Treating Menopausal Hair Thinning, Hair Loss – Everyday Health

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The latest in treatment options for hair loss around the menopausal transition were highlighted at NAMS 2021.
Do you ever look in your shower drain or hairbrush and wonder how you still have any hair left on your head? Is your scalp easily sunburned, or are you noticing thinning hair around your part? You may be experiencing female pattern hair loss, a problem that’s much more common than you might think.
“About half of all women will have some element of hair loss by the age of 50, and by the age of 60, approximately 80 percent of women will experience some hair loss,” says Glynis Ablon, MD, an associate clinical professor at the University of California in Los Angeles and a dermatologist at Ablon Skin Institute and Research Center in California.
We all know hair loss or balding can happen to men in midlife, but we don’t talk about it as much when it comes to women, she says. “It usually impacts women in a different way, especially their self-confidence. Someone like Bruce Willis can just shave their head look fine, but it tends to be a bigger deal for women,” says Dr. Ablon.
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The good news: Various treatments are available to address hair loss in menopausal women, says Stephanie S. Faubion, MD, the director of the Center for Women’s Health at the Mayo Clinic in Rochester, Minnesota, and the medical director of NAMS. “There are simple fixes for female pattern hair loss, but we shouldn’t assume that is always the reason for hair loss; sometimes there are underlying issues causing the condition,” says Dr. Faubion.
The most common type of hair loss in women is called androgenetic alopecia, or female pattern hair loss (FPHL). Hair follicles shrink, causing the hair to become thinner and finer, with decreased numbers of hairs overall. The hair’s growing phase also gets shorter and fewer hairs are in the active growing phase.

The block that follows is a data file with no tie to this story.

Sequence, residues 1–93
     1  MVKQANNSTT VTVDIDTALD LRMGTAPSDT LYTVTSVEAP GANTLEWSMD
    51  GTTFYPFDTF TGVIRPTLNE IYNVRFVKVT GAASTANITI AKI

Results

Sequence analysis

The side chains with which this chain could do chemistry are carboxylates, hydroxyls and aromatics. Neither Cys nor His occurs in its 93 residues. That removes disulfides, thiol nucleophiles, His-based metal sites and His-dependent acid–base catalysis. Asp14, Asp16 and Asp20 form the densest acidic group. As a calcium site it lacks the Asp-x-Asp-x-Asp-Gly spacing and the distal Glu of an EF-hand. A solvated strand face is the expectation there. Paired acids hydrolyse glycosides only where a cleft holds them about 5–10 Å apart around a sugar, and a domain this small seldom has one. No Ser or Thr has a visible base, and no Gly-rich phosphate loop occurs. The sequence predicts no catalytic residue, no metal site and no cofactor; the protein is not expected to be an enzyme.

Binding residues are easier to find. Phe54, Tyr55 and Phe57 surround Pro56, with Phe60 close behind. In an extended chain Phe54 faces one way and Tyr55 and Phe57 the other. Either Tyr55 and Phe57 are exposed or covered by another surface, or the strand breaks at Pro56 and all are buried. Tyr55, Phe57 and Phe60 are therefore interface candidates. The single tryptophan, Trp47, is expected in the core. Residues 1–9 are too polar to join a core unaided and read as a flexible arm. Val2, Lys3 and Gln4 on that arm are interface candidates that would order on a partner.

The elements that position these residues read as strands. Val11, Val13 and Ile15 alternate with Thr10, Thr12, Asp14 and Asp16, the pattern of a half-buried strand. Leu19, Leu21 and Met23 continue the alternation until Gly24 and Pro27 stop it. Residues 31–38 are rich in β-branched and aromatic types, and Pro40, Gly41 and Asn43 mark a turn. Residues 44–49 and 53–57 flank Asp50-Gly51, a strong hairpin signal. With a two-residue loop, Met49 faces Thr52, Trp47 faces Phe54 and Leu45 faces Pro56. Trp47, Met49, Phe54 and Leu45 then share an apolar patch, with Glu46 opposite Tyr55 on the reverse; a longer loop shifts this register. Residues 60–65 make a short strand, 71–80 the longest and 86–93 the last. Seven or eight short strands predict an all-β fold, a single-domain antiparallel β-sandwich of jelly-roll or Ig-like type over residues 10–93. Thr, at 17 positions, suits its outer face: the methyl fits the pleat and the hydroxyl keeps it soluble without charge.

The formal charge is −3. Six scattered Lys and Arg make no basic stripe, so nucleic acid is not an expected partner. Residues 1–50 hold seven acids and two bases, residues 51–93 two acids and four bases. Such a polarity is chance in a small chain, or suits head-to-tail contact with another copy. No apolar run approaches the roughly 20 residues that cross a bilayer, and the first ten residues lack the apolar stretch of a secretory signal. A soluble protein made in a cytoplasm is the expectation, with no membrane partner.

“Usually in female pattern hair loss, the frontal hairline stays about the same, but there can be a widening of the part and a central thinning of the hair,” says Alison Bruce, MBChB, a dermatologist at Mayo Clinic. Dr. Bruce presented information on common causes of midlife hair loss and new therapy options at the North American Medical Society (NAMS) Annual Meeting in Washington, DC, held September 22–25, 2021.
If you’re bothered by your thinning hair or hair loss, a visit to your primary care doctor is a great place to start, says Bruce. “It’s likely that female pattern hair loss is probably the cause, but a clinical examination can confirm this,” she says.
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If the hair loss doesn’t follow the typical appearance of female pattern hair loss, your doctor will likely perform a few tests to explore potential causes.
“It’s important for women to realize that a lot of why they may experience hair loss is influenced by genetics and the aging process,” says Bruce. A genetic cause doesn’t mean that it’s necessarily something you’ve inherited directly from your mom or dad, she adds.
“There are multiple different genes related to hair loss, and this is a very complex interplay of many genes. You shouldn’t assume you’ve done anything to cause your hair loss, especially if you are otherwise healthy,” says Bruce.